October will mark one year since Earl, an 11-pound chihuahua/jack russell terrier/basenji/you-name-it mix came into my life. As I write this, he’s sunning himself on the couch, completely content and at ease. I am amazed at different he looks, and behaves, compared to when I first brought him home.

How many times have I heard the phrase, “You never choose your dog; your dog chooses you?” Enough to make me cringe like I do when I hear any sort of cliche. I rank it up there with “The only constant is change” and “There is no I in team.” So bear with me as I check my cliche-hating ego at the door and tell you that Earl absolutely chose me. And I am so, so grateful he did.

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I met Earl one evening when attending a meeting at Muttville Senior Dog Rescue. Muttville had received several new rescues that evening, and I swooped up a mellow, cuddly yorkie who immediately started snoozing in my arms. Earl (I did not yet know his name) continually appeared in my peripheral vision. He ran around the meeting room, marking every piece of furniture, every purse and shoulder bag, that he could. He growled at any dog that came near him. He snarled his teeth at most forms of human touch. His bark, which I later discovered was the result of a collapsed trachea, sounded like a cough acquired by years of smoking and whiskey drinking.

If you had asked me to list my top attributes for my next dog, none of Earl’s behaviors would have made the cut. In fact, I didn’t feel ready to open my heart to another dog. Less than 6 months prior to my meeting Earl, my family dog, my heart dog, my beloved yellow labrador retriever, passed away. It was an emotionally exhausting experience. I took a red-eye flight home to be with him as he breathed his last in the grass outside the veterinary office. I cried for three days straight, and have thought of him every day since. Even thinking about getting another dog seemed like a betrayal.

But, I digress. Back to the Muttville meeting. As it neared the end, one of Muttville’s employees jokingly asked me to take Earl home with me to give them some relief from his behaviors. Against my better judgment, in fact against any judgment whatsoever, I agreed, and without anything ready in my apartment, or pre-clearing the decision with my fiance (now my husband), Earl and I got into my car and started our journey together.

The first week was rocky. In fact, at one point I emailed Muttville stating I couldn’t foster Earl because he was continually barking and snapping at my husband. My husband didn’t grow up around dogs and was still afraid of them. I was afraid Earl would prove too much for us and our small San Francisco apartment. But somehow, Earl convinced me not to give up. I found myself anxious whenever dropping him off at an adoption fair. What if he got adopted and I never saw him again? Through positive reinforcement training and lots of patience, he gradually became more comfortable with me, my husband, and the outside world.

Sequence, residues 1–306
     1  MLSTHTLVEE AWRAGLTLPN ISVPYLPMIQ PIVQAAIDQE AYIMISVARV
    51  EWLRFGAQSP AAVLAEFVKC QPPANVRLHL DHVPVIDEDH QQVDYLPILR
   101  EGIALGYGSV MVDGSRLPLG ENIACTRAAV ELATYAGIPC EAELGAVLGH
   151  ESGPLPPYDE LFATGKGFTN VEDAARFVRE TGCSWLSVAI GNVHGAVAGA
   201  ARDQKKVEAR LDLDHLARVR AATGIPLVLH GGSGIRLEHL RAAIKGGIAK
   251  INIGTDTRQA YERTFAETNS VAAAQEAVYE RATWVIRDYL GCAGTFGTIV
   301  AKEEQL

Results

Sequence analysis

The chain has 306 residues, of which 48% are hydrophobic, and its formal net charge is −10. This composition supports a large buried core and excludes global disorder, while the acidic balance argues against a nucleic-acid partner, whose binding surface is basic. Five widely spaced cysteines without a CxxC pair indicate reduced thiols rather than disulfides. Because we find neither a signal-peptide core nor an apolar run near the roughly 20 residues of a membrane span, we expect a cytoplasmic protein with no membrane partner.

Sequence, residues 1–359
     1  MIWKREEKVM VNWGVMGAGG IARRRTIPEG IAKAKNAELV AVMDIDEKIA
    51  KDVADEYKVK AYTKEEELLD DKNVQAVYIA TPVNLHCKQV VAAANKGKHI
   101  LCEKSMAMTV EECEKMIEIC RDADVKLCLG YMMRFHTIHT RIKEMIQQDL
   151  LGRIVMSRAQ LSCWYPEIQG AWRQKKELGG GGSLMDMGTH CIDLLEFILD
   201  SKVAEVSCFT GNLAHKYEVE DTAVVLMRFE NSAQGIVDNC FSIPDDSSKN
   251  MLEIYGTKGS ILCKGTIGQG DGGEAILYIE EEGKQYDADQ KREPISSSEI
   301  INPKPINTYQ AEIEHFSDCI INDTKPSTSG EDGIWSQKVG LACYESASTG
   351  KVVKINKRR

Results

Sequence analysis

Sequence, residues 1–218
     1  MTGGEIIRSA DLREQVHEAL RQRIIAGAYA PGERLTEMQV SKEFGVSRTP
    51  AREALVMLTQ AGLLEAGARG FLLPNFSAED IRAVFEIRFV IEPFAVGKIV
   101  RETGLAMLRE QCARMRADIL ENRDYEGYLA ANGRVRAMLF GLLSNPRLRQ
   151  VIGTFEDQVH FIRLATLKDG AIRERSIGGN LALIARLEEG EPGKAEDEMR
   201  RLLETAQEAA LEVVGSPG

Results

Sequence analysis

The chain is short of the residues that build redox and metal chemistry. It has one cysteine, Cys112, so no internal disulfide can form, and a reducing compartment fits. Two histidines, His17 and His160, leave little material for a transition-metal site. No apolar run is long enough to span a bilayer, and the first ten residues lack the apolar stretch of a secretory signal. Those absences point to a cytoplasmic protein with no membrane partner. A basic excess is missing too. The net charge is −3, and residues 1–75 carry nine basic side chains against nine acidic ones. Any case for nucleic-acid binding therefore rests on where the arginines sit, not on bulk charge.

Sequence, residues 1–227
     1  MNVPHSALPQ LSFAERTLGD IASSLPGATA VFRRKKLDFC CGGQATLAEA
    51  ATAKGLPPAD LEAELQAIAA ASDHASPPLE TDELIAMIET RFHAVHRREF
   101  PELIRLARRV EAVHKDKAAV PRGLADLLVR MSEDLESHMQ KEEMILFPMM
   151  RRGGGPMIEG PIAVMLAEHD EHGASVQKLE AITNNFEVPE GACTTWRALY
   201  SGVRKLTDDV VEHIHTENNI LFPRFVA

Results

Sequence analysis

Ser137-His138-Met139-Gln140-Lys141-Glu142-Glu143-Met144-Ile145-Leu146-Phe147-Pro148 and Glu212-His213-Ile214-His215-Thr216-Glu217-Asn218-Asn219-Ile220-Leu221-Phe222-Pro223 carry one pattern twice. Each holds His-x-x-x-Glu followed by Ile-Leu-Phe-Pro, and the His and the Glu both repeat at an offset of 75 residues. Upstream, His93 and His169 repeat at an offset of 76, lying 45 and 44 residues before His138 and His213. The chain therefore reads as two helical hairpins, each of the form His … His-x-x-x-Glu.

We never brought him back to Muttville and, after four months, we officially adopted him.

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I cried the day I received Earl’s official adoption papers. His intake from animal care and control was heartbreaking. Before coming to Muttville, he was picked up as a stray in San Francisco. Scared, shut down and massively underweight, he failed all the shelter’s behavioral tests. He had a microchip, and ACC contacted his original owner in Tahoe. Sadly, not only did the owner not want him back, but said he had “lost” him several times before. The SPCA did not want to take him. Thank goodness Muttville did, otherwise euthanasia would have been his future.

Now Earl has a home. He has love. He has training. I cannot think of a better way to honor my heart dog who passed away than by giving this senior dog the chance to experience happiness.

There have been setbacks and tribulations over the past year. His teeth were so unhealthy that the vet removed 23, leaving him with an adorable, snaggly grin. He has severe separation anxiety that has improved little since I brought him home in October. Unless someone can watch him for us, my husband and I have not been able to go out to dinner, out with friends, or anywhere that does not allow dogs, for the past year. Some days, when experiencing a setback in the separation anxiety training, I feel utterly overwhelmed – both trapped in an existence where I can never leave Earl, and a feeling of ineptness at not being able to help him fully overcome his fears.

But greater than any feelings of ineptitude or frustration is the joy that Earl has brought both myself and my husband. Over the past year, he has evolved into a playful, mischievous, snuggly, sociable dog. He often chooses to curl up next to my husband at night – such a difference from a year ago. He loves running along the beach, zooming up the hilly trails in San Francisco, and even enjoys greeting other dogs. Instead of shivering on the streets as a stray, he curls up with us under the covers each night, clearly the most blissful part of his days. When I see Earl experience pure happiness, I feel the same joy.

Earl, the fiesty little dog, with the missing teeth and silly bark, has made an incredible impact on my life. I love him dearly, and am so happy our paths in life crossed when they did.

By Maureen Backman, MS

– Maureen Backman, MS is the owner of Mutt About Town dog training in San Francisco. She is also the founder of The Muzzle Up! Project. To get in touch, email her at muttabouttownsf@gmail.com.